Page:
B. Krishna Mohan
Centre of Studies in Resources Engineering
Indian Institute of Technology, Bombay
Powai, Mumbai 400076, India
Tel: +91-22-25767684, Fax: +91-22-25723190
Email: [email protected]
S. U. Kadam
Reliance Infocomm Ltd.
Dhirubhai Ambani Knowledge City
Navi Mumbai 400709, India
Tel: +91-22-30373333, Fax: +91 22 2762 4213
E. P. Rao
Department of Civil Engineering
Indian Institute of Technology, Bombay
Powai, Mumbai – 400076, India
Tel: +91-22-25767345, Fax: +91-22-25723480
High resolution imagery from resources satellites are revolutionizing the generation of geo-spatial information and building up geographic databases. The amount of detail presented by the 1-metre and sub-metre resolution imagery enables analysis and mapping of the terrain to a level not attempted before. Extraction of information from the high resolution imagery is a challenging task since the per-pixel methods adopted here are likely to fail due to their inability to capture the increased natural variability in the reflectance, and also the fact that each landcover category is comprised of several spatially adjacent pixels. Therefore the methodology to be adopted in such a case has to be region based or object oriented.
Another aspect of information extraction from remotely sensed images (for that matter from any images) is that the objects of interest exhibit tonal / textural structure at different scales. The meaning of scale here is that some objects may contain a large amount of fine detail, while some objects are (intensity-wise) flat with little variation across their spatial extent. Therefore the objects that indeed contain a lot of important detail are studied at one scale, while objects that have only noise induced variations are studied often at a coarser scale. Scale space approach to image analysis was introduced by Marr (1980) and has since then been extensively investigated. One of the most recent examples is the eCognition TM software (Definiens, 2003) wherein the image is segmented based on scale, texture, shape and color (tone).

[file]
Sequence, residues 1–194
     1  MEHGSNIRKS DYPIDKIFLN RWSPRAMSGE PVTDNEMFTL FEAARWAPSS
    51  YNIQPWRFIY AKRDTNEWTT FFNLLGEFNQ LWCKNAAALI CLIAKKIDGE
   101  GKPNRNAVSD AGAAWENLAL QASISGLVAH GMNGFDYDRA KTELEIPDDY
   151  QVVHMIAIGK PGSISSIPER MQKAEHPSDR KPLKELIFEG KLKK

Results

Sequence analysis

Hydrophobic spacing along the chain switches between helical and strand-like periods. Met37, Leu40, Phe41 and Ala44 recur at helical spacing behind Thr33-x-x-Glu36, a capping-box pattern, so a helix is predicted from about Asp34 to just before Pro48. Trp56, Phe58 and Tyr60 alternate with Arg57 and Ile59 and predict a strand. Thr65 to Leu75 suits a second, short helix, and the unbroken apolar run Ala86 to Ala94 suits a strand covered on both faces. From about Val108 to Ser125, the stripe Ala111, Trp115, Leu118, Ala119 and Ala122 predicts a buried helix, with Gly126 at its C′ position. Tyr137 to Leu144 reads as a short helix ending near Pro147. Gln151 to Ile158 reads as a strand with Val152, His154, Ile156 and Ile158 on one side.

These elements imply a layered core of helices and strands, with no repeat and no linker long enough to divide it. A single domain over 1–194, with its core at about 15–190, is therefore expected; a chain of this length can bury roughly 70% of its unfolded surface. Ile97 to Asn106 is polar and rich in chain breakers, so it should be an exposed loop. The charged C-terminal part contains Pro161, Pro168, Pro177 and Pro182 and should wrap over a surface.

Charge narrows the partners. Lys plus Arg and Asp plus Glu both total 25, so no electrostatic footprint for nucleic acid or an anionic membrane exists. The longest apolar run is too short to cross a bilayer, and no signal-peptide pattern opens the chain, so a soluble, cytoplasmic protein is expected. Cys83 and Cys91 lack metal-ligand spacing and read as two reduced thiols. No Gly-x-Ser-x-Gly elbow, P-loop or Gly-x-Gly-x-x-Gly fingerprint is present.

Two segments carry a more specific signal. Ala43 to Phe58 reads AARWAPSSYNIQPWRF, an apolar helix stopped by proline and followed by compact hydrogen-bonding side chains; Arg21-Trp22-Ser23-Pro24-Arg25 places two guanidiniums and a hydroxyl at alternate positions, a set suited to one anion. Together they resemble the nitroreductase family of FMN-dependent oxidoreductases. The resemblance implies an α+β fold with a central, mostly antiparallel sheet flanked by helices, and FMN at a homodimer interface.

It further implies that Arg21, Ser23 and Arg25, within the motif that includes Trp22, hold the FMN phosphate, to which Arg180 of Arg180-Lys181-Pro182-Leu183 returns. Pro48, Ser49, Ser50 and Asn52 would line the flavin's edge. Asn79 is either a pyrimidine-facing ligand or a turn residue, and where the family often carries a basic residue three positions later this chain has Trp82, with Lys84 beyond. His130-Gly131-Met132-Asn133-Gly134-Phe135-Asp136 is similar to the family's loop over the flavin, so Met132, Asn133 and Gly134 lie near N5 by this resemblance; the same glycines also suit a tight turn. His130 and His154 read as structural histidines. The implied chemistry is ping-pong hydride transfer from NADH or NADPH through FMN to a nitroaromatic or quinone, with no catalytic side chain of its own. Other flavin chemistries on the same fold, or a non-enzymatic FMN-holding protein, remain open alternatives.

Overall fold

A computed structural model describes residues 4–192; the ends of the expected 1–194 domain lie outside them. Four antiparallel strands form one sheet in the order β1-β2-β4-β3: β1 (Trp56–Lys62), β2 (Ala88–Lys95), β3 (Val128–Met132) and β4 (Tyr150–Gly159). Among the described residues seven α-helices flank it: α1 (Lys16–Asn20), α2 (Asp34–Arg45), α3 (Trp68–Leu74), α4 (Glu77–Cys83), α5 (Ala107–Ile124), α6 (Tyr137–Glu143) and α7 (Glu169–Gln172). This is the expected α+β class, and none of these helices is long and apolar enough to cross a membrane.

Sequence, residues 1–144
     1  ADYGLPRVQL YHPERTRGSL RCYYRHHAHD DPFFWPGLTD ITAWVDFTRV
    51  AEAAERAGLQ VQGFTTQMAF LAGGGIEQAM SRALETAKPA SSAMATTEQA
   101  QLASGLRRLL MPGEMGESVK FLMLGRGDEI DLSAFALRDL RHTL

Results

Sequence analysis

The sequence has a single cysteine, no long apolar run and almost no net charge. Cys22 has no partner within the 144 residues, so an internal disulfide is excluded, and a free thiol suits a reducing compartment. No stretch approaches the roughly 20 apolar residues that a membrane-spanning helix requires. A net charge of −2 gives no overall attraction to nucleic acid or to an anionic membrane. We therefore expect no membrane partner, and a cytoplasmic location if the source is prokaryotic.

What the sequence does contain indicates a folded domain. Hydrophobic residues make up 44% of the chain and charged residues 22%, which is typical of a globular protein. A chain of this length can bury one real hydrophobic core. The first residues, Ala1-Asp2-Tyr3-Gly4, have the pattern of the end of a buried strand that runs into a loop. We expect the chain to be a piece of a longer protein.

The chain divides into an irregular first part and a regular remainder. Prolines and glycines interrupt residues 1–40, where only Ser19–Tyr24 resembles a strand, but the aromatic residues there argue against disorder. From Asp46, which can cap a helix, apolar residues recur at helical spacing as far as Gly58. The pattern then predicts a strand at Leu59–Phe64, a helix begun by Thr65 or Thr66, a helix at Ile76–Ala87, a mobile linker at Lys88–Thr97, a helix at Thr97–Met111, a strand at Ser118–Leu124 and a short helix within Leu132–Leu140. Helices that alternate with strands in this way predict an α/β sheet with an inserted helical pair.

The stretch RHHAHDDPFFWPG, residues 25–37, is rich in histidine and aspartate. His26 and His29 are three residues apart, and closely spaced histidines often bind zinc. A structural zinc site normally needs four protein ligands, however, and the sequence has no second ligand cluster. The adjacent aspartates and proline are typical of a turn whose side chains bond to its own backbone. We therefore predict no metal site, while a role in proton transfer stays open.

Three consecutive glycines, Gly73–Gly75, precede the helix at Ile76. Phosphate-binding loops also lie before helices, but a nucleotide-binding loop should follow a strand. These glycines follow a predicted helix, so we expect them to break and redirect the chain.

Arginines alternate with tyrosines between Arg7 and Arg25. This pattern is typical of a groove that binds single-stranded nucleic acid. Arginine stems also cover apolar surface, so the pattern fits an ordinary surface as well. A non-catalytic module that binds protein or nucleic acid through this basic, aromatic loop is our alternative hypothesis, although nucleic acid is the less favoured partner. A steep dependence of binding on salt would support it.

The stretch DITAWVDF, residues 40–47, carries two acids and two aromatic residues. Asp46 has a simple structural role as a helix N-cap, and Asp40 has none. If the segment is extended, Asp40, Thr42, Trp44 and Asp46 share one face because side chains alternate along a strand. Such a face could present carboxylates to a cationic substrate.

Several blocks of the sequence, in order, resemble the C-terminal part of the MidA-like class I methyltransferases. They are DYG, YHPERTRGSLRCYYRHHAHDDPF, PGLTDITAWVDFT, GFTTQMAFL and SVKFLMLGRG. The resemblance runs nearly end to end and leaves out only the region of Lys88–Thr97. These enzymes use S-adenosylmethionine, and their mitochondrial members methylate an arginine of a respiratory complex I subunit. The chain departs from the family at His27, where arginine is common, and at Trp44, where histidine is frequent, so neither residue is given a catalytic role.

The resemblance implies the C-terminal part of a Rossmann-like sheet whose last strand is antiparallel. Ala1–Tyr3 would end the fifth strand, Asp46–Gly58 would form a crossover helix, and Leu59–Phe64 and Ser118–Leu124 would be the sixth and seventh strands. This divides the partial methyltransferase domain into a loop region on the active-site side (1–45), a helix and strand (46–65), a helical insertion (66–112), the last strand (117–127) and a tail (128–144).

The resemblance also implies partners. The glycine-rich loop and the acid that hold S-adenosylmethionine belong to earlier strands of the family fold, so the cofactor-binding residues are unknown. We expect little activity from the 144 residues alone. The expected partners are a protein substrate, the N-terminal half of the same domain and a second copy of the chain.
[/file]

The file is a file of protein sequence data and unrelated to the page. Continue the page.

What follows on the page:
Region Based Segmentation
Region Based segmentation is a technique by which the image is segmented by identifying regions of common property. This can be further divided into Region Growing and Region Split and Merge approaches. This paper focuses only on region growing, a procedure that groups pixels or subregions into larger regions based on some predefined criterion. The general idea of the region growing methods is to create a partition of the picture into homogeneous regions by any kind of process that starts with small regions and then grows them according to some homogeneity criterion.